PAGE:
If your company has never taken this concept seriously, now is the time. Many of today’s remote workers are trying to fill the roles of employee, caregiver, school teacher, and more — all from home and often simultaneously. The hours in every day are finite — and nothing stokes burnout like the feeling that you can’t succeed in any role because there simply isn’t enough time. Your company must show itself to be mindful of any non-work challenges your employees are facing, such as lack of daycare options for children.
One way to jump-start a better work-life balance is to educate your remote employees about the importance of building and maintaining a strong, consistent threshold between their work and personal lives. This boundary is reinforced psychologically only when your workers build their own physical cues to establish when the workday has begun and when it is done — and respecting their own boundaries. (“I’ve changed out of my work clothes, I’ve turned off the computer and left my notes for tomorrow on the desk, I’ve turned off the desk lamp, and I’m not going back over there no matter who texts. My workday is done and now it’s time to move on.”) In other words, reinforcing (however inadvertently) a corporate culture of “better/bigger/faster/more” that doesn’t allow a solid work-life balance is a major contributor to burnout.
Go By the Numbers
Do you know what constitutes a reasonable amount of work effort completed daily by your employees — the point at which an employee has done “enough” for one day? Do you have the objective data to back up this number?
Team management software can help organizations gain deep and measurable insights into employee work patterns. These insights help quantify the difference between expected effort and actual effort and establish benchmarks toward maximizing employee utilization. In addition, transparent visibility into how each member is performing gives real-time insights to team managers about the capability and intent of each team member. Having objective data on employees’ daily efforts will help both them and their managers identify why they’re burning out and what steps can be taken to help them.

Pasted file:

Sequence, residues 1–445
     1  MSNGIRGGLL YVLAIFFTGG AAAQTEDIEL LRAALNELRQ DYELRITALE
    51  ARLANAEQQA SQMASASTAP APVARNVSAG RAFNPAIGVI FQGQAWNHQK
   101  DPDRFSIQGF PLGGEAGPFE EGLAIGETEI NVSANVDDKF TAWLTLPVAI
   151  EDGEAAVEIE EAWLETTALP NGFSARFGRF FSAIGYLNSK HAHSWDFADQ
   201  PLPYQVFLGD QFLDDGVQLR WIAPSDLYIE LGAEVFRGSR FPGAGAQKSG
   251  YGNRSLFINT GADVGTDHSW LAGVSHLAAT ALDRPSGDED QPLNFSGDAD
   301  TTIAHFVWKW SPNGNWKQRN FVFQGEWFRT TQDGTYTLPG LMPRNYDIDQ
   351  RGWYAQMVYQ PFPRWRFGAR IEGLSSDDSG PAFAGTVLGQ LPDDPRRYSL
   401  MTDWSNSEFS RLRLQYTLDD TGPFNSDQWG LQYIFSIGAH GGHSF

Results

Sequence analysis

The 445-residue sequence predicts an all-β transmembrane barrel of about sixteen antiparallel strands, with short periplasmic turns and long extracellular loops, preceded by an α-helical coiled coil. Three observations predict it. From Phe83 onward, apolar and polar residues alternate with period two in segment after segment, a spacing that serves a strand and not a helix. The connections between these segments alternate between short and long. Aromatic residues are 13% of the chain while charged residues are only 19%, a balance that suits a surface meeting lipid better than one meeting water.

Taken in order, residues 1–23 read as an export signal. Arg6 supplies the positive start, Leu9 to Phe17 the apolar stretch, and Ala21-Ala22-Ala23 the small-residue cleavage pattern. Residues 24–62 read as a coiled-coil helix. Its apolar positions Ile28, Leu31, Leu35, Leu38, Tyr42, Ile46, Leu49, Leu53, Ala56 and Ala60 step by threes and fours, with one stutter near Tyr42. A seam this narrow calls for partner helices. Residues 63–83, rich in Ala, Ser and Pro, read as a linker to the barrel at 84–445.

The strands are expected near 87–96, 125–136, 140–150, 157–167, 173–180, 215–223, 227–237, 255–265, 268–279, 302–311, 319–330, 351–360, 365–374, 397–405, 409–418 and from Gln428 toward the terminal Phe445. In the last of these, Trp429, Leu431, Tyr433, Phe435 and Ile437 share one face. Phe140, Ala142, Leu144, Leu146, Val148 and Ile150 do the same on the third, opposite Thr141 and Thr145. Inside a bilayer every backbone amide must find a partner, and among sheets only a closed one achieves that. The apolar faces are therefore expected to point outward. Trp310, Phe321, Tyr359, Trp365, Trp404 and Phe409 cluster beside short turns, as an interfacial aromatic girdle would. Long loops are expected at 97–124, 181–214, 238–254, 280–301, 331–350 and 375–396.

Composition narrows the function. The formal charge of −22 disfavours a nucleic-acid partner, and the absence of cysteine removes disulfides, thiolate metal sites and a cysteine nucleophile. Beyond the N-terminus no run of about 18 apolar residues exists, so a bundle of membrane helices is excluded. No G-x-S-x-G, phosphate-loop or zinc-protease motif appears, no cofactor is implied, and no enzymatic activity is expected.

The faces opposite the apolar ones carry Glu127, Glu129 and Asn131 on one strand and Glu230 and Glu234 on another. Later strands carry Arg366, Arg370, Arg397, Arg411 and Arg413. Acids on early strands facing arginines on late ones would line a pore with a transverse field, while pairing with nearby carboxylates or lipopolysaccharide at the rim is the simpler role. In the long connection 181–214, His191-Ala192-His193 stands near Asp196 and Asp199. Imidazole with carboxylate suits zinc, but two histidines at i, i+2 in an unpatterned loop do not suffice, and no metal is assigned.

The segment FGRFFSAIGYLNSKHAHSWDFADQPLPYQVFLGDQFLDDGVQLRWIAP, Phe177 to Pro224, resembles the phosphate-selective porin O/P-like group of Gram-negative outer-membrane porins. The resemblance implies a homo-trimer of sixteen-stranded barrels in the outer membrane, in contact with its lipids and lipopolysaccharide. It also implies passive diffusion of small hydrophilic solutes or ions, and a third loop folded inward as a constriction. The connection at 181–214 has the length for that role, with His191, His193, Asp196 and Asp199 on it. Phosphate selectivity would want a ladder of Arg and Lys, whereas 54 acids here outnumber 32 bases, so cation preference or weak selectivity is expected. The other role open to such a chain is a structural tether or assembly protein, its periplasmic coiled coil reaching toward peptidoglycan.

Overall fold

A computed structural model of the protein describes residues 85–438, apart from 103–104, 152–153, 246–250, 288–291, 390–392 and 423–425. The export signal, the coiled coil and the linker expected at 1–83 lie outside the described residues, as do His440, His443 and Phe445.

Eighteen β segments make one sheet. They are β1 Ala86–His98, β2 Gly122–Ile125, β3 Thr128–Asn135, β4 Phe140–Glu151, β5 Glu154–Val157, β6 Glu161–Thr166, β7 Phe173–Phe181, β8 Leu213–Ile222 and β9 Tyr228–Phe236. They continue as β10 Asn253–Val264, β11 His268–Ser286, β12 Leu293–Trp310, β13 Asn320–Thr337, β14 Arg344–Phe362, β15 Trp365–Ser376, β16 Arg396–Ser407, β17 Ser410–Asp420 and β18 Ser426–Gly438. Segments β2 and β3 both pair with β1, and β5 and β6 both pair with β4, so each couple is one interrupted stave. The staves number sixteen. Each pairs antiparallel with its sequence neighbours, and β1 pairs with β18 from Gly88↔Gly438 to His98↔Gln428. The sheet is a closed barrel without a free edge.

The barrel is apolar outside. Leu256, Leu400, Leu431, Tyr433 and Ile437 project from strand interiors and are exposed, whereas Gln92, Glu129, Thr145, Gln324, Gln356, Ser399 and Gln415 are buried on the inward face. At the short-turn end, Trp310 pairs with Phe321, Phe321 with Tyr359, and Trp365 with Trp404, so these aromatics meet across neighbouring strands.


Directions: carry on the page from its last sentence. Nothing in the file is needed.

Your Best Tool to Fight Burnout
Sapience Analytics provides just such management tools. You get ongoing, real-time data on exactly what your employees are dealing with, what tools they have and which ones they need, whether they get the right amount of collaboration, and whether the work environment is adequately supporting their needs. You get hard data on productivity by the team and individual employees, as well as evidence of what processes and distractions could be affecting productivity. You can also compare work patterns across business units, projects, or roles and spot trends that identify both best practices and areas for improvement.
Best of all, the data comes in automatically and unobtrusively from any end-point device, from day one. You could be learning to spot trends that lead to burnout within days or weeks instead of months of manual data collection.
Curious to know what else Sapience can do? Read more about our SaaS solution, Sapience Vue.
Jannie Kinsey Goods
Jannie brings over 20 years of human resources and global experiences with a track record of successfully delivering HR solutions. She has partnered with the business to drive high-performance teams, lead business transformations, and organizational growth with all levels of leadership and teams. She is driven by the motto of creating a culture that inspires employees to be and give their best at work.